Feb 282018

Months are funny. Unlike other parts of a date, they vary in length:

  • The last second of a minute is always 59.
  • The last minute of a hour is always 59.
  • The last hour of a day is always 23.

But the last day of a month? Well that depends on what month it is. And the year matters too because a leap year means February gets an extra day.

This used to be somewhat tricky to calculate, but then for SQL Server 2012 Microsoft added the EOMONTH() function (End Of MONTH) to T-SQL to help with this. EOMONTH() takes a DATE or DATETIME, and it will return the DATE (with no time component) of the last day of that month. Here’s a basic example:

SELECT EOMONTH('20180219');


It also accounts for leap years. Let’s try a date in February 2016:

SELECT EOMONTH('20160224');


What about other months?

In the case that you need the last day of a different month than the current one, you can make use of EOMONTH()‘s second parameter. This allows you to add (or subtract) months from the date you specified:

-- Second parameter adds that number of months to the date
SELECT EOMONTH('20180220') AS CurrentMonthEnd,
       EOMONTH('20180220', -1) AS PreviousMonthEnd,
       EOMONTH('20180220', 1) AS NextMonthEnd;


What if I need the first day of the month?

There’s no similar function to calculate the first day of the month, but think about it: the first day of the month is very predictable. It’s always day 1. You can also use EOMONTH() to find the first day of a month by adding one day to the last day of the previous month:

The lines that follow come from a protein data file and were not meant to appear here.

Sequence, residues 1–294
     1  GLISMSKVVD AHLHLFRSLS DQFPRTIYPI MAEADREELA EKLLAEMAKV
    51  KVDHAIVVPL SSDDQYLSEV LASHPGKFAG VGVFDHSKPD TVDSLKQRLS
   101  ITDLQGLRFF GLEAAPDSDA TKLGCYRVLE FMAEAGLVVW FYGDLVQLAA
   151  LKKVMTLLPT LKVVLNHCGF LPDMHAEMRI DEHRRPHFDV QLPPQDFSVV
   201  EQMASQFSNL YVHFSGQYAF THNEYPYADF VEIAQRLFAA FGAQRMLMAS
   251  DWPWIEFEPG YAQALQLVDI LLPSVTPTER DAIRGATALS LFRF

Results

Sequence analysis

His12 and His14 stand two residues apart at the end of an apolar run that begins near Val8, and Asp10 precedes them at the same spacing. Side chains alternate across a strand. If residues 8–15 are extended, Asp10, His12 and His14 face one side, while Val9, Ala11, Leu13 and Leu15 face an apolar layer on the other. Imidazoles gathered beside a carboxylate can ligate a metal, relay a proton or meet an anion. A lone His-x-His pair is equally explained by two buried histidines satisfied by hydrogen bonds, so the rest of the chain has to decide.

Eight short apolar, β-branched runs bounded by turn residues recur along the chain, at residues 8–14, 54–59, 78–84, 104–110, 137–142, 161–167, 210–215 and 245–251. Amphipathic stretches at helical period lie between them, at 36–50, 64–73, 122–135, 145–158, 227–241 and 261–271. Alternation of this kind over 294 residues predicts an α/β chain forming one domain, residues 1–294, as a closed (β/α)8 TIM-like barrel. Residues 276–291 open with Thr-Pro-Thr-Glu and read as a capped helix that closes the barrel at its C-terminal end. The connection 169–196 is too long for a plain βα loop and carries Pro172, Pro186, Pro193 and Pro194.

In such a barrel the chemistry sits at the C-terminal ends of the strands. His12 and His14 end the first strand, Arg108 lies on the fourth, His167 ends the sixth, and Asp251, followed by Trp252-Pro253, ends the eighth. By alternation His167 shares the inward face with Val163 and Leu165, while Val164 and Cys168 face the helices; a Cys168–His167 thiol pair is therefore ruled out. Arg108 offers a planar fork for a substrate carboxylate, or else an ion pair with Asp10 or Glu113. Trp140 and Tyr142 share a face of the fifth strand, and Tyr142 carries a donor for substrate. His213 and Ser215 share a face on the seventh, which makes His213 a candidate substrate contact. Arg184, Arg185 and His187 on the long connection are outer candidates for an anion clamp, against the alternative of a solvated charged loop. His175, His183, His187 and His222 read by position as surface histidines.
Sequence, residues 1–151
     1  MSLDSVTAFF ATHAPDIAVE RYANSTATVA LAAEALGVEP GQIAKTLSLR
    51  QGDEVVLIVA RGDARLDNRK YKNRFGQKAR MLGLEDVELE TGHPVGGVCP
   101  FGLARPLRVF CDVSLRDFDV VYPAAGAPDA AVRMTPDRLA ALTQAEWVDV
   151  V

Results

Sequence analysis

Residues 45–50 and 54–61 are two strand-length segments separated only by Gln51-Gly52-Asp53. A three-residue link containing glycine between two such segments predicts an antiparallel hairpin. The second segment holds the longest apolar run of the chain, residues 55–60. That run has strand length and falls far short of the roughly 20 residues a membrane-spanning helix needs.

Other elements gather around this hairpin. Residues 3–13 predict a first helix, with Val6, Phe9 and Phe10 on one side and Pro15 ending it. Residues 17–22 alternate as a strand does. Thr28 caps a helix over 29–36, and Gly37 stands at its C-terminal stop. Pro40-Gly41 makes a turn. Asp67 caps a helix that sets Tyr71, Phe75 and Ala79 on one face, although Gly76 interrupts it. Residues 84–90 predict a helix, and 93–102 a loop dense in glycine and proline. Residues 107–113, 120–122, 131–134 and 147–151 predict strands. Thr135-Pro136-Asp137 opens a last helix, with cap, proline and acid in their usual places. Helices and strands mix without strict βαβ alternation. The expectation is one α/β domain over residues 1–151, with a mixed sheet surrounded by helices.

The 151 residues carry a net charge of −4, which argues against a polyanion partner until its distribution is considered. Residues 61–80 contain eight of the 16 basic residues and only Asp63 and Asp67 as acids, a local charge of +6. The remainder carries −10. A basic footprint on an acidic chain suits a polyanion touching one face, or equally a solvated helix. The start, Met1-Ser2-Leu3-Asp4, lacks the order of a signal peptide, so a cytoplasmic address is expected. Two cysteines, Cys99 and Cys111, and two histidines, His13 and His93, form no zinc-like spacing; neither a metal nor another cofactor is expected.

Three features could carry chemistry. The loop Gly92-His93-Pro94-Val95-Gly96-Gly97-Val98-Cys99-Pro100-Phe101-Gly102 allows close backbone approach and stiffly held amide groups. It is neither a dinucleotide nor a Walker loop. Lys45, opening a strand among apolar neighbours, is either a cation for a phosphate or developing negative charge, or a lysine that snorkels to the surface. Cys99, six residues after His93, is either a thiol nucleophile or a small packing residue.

SELECT DATEADD(DAY, 1, EOMONTH('20180220', -1)) AS FirstDayOfMonth;


What if I don’t have SQL Server 2012?

If you’re still running SQL Server 2008R2 or older, my first piece of advice is to please look into upgrading to something more current soon. As of this writing, SQL Server 2008R2 Service Pack 3 is only supported until 9 July 2019. If you’re not running Service Pack 3, you are already unsupported.

Without the EOMONTH() function, calculating the end of the month gets a bit more complex. There are several ways to do it in T-SQL, but this is my preferred method:


This works by utilizing some creative math with dates. I’ve highlighted the different sections of the statement to explain what’s happening:

What if I don’t have a computer?

I’ve got a solution for this one too! Ever heard of the knuckle trick?

Make two fists and put them next to each other so your knuckles are lined up. Each high and low point along your knuckles represents a month, and the high points represent months with 31 days. Low points are months with less than 31 days (28/29 for February, 30 for the rest).

Source: Wikipedia

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